Monsignor convicted of enabling abusive priests wins appeal

PHILADELPHIA, Dec. 26 (UPI) -- A Pennsylvania appeals court reversed the conviction Thursday of Monsignor William Lynn, the first Catholic official found guilty of enabling abusive priests.

The Superior Court found that evidence presented at Lynn's trial was insufficient to find him guilty of endangering the welfare of children. Lynn was not convicted of molesting children himself, but prosecutors argued that as secretary for clergy in the Philadelphia archdiocese he allowed at least one known molester to continue.


Lynn was 18 months into a three- to six-year sentence.

Philadelphia District Attorney Seth Williams told the Philadelphia Inquirer he expects to appeal the decision.

Marita Green, president of the Philadelphia chapter of Voice of the Faithful, called the decision a "disgrace."

"It is appalling that the laws in the state of Pennsylvania have been so ineffective that none of these enablers, facilitators and cover-up-ers have gone to jail," she said.

Joe Maher, the founder of Opus Bono Sacerdotii, a Detroit group that provides support for accused priests, said the decision will force prosecutors to think through "who is really accountable" for clerical sex abuse. He said administrators like Lynn should not be made responsible for others' crimes.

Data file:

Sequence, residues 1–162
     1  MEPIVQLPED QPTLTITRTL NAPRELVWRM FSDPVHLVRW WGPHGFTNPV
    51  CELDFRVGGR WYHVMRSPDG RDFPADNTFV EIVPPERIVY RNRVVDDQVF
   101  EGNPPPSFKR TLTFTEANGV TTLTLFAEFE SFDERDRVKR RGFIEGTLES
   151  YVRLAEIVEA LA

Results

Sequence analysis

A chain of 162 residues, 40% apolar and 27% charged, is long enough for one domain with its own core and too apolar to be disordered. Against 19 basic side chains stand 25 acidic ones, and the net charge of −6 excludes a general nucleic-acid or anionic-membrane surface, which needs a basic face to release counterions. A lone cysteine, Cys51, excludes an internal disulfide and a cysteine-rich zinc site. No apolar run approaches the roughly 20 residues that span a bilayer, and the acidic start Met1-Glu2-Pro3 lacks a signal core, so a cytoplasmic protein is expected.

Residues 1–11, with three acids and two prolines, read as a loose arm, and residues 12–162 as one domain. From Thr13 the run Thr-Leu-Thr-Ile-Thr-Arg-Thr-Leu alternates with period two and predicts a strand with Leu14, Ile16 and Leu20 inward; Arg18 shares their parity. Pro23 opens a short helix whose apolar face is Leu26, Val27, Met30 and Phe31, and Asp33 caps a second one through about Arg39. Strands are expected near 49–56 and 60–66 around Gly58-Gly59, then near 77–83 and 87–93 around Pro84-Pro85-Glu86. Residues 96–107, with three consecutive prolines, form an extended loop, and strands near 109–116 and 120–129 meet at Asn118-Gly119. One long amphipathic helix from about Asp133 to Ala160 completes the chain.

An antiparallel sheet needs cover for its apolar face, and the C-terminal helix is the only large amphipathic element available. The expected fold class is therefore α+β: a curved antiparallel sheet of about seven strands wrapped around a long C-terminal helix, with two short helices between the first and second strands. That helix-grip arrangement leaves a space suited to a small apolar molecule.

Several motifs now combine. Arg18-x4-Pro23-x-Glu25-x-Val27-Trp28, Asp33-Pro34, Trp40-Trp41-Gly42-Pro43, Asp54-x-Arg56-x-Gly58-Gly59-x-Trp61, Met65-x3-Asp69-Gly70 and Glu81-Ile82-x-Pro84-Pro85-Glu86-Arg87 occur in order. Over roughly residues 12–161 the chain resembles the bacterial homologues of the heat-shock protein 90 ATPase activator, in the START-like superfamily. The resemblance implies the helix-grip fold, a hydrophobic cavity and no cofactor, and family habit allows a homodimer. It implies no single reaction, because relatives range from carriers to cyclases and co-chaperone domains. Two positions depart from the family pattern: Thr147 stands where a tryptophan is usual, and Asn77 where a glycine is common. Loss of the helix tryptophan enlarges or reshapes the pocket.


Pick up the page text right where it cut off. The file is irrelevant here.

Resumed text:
The Rev. Christopher Walsh, pastor at St. Raymond of Penafort and founder of a two-year-old group, Association of Philadelphia Priests, said the decision is not a victory for the church. Walsh, who said he was speaking only for himself, said the legal issue was not whether Lynn was guilty but whether he did something "he could be prosecuted for."

"There's not a sense we're getting past this," he added.

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